The Department of Tourism declared that it would revoke the Certificate of Operating Authority of the Makati City Hotel, where New Year’s Day flight attendant Christine Dacera was found lifeless.
In its resolution of January 14, the DOT stated that it found City Garden Grand Hotel in Makati City to be liable for the offense of gross and obvious bad faith in dealing with customers/fraudulent business solicitation or making any false, deceptive, or misleading claims or statements in order to request business from customers under DOT Memorandum Circular No. 2018-03, Section 13.2.
Recently days after issuing a Show Case Order against CGGH, the tourism agency conducted a physical investigation. It had previously asked CGGH to clarify why it did not withdraw its accreditation.
However, based on the agency’s probe, the CGGH, despite being a quarantine center, was found to have misrepresented itself to the public as being allowed to host visitors for relaxation or visit.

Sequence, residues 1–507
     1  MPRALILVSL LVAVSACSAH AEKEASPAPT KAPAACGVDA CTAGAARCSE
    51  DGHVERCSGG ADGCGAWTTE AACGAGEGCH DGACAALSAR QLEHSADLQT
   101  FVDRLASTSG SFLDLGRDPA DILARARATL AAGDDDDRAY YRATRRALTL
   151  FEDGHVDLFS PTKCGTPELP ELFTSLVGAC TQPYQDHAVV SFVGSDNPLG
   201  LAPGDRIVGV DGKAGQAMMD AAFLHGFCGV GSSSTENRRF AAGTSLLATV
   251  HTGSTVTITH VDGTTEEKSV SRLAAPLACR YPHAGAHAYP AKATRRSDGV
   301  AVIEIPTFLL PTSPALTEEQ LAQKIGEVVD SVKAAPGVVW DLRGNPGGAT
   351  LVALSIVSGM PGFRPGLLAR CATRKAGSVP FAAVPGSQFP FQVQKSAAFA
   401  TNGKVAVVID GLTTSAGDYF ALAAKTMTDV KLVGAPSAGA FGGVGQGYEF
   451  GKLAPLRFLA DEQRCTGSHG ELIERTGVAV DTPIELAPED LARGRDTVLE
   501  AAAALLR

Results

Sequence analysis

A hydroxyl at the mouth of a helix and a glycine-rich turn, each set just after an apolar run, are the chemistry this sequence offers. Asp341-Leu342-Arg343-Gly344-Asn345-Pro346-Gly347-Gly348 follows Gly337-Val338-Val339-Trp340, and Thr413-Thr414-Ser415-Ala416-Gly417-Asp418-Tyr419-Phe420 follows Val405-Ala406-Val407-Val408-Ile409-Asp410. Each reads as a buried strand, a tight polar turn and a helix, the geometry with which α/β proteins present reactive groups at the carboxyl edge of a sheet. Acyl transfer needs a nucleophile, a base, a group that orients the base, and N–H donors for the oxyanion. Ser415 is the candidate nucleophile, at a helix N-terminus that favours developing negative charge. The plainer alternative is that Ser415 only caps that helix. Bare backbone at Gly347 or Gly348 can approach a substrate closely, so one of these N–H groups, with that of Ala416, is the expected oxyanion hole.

The CGGH vehemently refuted this in its four-page reply last Friday, claiming that it acts as a quarantine facility offering facilities to return Filipino employees and other citizens from overseas. Richard Reazon, CGGH Hotel Officer-in-Charge General Manager, in the case of Dacera and her relatives shared that only three guests were admitted as hotel corporate account guests.
Consequently, The corporate accounts pertain to companies otherwise permitted to book accommodation within the immediate local vicinity of hotels or businesses. It is also not clear to CGGH that there are many guests in Dacera’s space and the other two rooms are reserved.
It also noted that only its Firefly Roof deck restaurant serves the public.
In spite of this, the following sanctions were levied on CGGH: The termination of DOT accreditation for six months, There will also be a fine worth P10,000, Revocation of the Certificate of Power of Service. Morever, The DOT urged that under the time prescribed by the DOT rules and regulations, the hotel also has the right to appeal.
For this reason, the tourism department warned all accredited accommodation establishments (AEs) to restrict their activities to the authority they were given, limited to only one per period.